Editorial (untitled)

by Dr. Sylvia Charp Editor-in-Chief As is our custom, the January issue of T.H.E. shares activities in the use of technology by our colleagues around the world. As a member of an International Seminar on Schooling, it was my good fortune to revisit Berlin in November, and hear "first-hand" of the problems associated with unification. At my last visit, only a brief glimpse of East Germany was available. East Berlin, now, is beginning to shows signs of rebuilding and renovation. Plans are underway to upgrade or modernize its antiquated social, medical and educational institutions; though many problems exist, the future seems to be promising. Germany Addresses Its Problems New jobs are being created, due to Berlin's building boom, which is expected to continue for at least a decade. East and West Berlin jointly face a shortage of production-related, financial, engineering and management services. In East Berlin, there is a noticeable lack of basic service workers, such as electricians and plumbers. Television is the major source of information, no matter what language. People spend a great deal of time in front of a TV. Most education is provided, regulated and run by the state government. Only a few private universities and colleges have been approved. At the university level, West and East Berliners, as well as students from all over Germany, study together. The school system in Berlin has basic primary school and many secondary schools. For the first six years, children aged 6-12 attend the Grundschule (primary school). Four different types of school are then available. Gymnasium (university preparatory school); Realschule (with emphasis on business); a Hauptschule (trade school), or the Gesamtschule (comprehensive school), which offers a more general education and allows students to make career decisions at a later point. Since the beginning of the 1991-92 school year, Berlin's curricula and school system have been standardized. Many of the East Berlin's teachers have been absorbed into a unified system. Germany is well known for its apprentice training and on-going cooperation between industry and schools. German employers have a strong commitment to training and a traditional national responsibility. A visit to Siemens Company, learning about their management and vocational training, was very informative. Vocational students spend two weeks at one of the large, well-equipped Siemens facilities and one week in school. They often work in teams and older students produce marketable material. Technology in the form of numerical control equipment, multimedia computers, robotics are available. I was amused at a poster hanging on the wall of a number of shops that read: America has............Germany has William Clinton........Helmut Kohl Stevie Wonder..........No wonder Johnny Cash............No cash Students are the same everywhere. Action on a Global Scale As our colleagues become more involved with technology, they continue to look to the U.S. for leadership. This is noted by the growth of attendees at our national conferences. Participants at the recent League for Innovation Conference in Nashville, Tennessee, titled "Inventing the Community College," included 60 from Holland, 40 from Canada and many others from a number of foreign countries. At the Tel-Ed meeting in Dallas, also in November, Betty Collis, of Twente' University, the Netherlands, stated networks are in operation in a majority of European countries. A growth of teacher centers handle teacher training and technical problems. Some countries, like France concentrate on communication facilities in the home. Iceland is providing online professional development. Switzerland prefers to distribute all information online. Netherland schools receive what is considered a reasonable budget and choose their own priorities and technology expenditures. Leadership has shifted to the school principal. The DELTA Project is a major initiative supported by the Commission of European Communities (CEC) to stimulate cooperative activities across Europe through 27 projects based on the optimal use of information technology and communications and on improving competitiveness in the training industry. The current phase of the project extends from 1991 to 1994, with a budget of more than $100 million from the CEC and as much from European universities, telecommunication providers and universities (DELTA 1993 Annual Technical Report on Research and Technical Development for Flexible and Distance Learning, Brussels Commission of the European Community). Collaborate for Success Most promising activities seem to be the result of collaboration between educators, business leaders and community groups. Greater sensitivity to cultural issues is creating new opportunities for cooperation between countries. Information sharing is of utmost importance. T.H.E. is most pleased to publish guest editorials by the Chief State School Officers on their views on the use of technology in education. The first editorial for the new series is by Dr. Henry Marockie, West Virginia State Superintendent of Schools, who serves as co-chair of the National Committee on Technology for the Council of Chief State School Officers.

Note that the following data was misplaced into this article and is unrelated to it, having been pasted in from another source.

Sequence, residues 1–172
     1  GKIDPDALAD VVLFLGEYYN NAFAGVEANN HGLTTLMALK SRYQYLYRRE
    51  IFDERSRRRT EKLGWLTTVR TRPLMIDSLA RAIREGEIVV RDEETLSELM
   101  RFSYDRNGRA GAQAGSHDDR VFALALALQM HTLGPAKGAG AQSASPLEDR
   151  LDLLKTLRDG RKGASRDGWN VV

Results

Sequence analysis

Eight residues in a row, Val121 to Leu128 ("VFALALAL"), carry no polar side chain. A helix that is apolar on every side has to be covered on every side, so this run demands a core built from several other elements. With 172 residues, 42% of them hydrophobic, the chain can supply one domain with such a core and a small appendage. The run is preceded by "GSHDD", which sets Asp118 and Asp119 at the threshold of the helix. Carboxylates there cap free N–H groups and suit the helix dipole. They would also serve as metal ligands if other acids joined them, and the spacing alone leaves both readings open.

This article originally appeared in the 01/01/1994 issue of THE Journal.

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